Prostate cancer is a major public health problem in the United States. Thirty thousand of the 240,000 men diagnosed with the disease in the U.S. each year die.
A new study finds vitamin D deficiency is linked to an increased risk of the disease, especially the aggressive form of prostate cancer, which lead author Haojie Li of Brigham Women's Hospital (and an instructor at Harvard Medical School) says "usually has a fatal outcome.".
Li and her colleagues studied blood samples for protein biomarkers for vitamin D. The research team also searched for various forms of a gene that has been identified with vitamin D absorption. "People with a certain genetic makeup, when they have low vitamin D status, they are especially susceptible to the disease."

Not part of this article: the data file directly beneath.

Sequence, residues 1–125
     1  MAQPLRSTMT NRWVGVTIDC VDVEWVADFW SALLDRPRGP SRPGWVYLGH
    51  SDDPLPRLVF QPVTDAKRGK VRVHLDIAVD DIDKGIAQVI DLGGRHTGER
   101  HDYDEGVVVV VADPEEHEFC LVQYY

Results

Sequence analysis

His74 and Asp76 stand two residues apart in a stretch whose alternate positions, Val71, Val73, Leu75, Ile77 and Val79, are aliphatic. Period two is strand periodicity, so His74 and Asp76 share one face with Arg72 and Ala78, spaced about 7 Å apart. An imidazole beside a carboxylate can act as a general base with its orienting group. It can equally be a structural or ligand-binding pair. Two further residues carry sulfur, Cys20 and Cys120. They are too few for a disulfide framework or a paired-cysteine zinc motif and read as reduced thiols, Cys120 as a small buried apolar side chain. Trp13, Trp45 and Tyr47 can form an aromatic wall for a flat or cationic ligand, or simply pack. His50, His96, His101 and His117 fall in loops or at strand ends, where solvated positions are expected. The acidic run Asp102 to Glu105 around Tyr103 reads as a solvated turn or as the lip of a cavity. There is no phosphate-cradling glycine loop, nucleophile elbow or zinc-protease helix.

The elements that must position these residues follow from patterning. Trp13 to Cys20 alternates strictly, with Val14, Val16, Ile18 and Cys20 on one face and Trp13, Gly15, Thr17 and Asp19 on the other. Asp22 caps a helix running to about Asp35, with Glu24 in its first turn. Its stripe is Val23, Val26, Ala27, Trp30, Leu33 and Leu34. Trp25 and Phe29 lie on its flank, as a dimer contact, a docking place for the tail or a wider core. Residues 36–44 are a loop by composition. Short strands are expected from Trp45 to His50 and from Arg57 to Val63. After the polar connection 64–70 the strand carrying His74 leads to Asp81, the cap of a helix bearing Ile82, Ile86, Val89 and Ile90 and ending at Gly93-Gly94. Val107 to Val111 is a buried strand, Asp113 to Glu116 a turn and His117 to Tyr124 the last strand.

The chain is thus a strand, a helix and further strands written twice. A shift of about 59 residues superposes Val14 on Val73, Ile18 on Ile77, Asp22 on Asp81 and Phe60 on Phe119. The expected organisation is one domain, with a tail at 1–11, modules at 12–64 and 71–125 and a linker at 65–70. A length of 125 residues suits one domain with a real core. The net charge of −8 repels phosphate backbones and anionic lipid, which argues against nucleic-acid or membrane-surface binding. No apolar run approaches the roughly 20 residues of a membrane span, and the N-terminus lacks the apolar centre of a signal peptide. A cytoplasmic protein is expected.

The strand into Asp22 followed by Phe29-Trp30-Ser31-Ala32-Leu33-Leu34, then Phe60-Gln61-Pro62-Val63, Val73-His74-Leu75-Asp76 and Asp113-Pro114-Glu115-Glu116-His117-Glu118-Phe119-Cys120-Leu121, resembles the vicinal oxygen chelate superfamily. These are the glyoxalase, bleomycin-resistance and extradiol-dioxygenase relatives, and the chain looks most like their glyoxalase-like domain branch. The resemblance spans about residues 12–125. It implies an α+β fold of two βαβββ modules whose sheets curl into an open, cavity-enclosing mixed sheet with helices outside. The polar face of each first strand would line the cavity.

The scientists followed 15,000 men over 18 years. Despite the large number of participants, Li says most were Caucasian. So, she says, the findings cannot be applied to African-Americans or darker skinned ethnic groups who are known to produce less vitamin D in their skin when exposed to sunlight. "Potentially for African-Americans, vitamin D deficiency might be even a more severe issue to look at."
The sun is a major source of vitamin D, but too much sun exposure can cause skin cancer. Li says patients must strike the right balance to protect themselves. "Usually we say if people have a balanced diet plus moderate sun exposure in the summer they are doing fine."
Fish and vitamin D fortified dairy products are rich sources of vitamin D. The study is published in the PloS Medicine.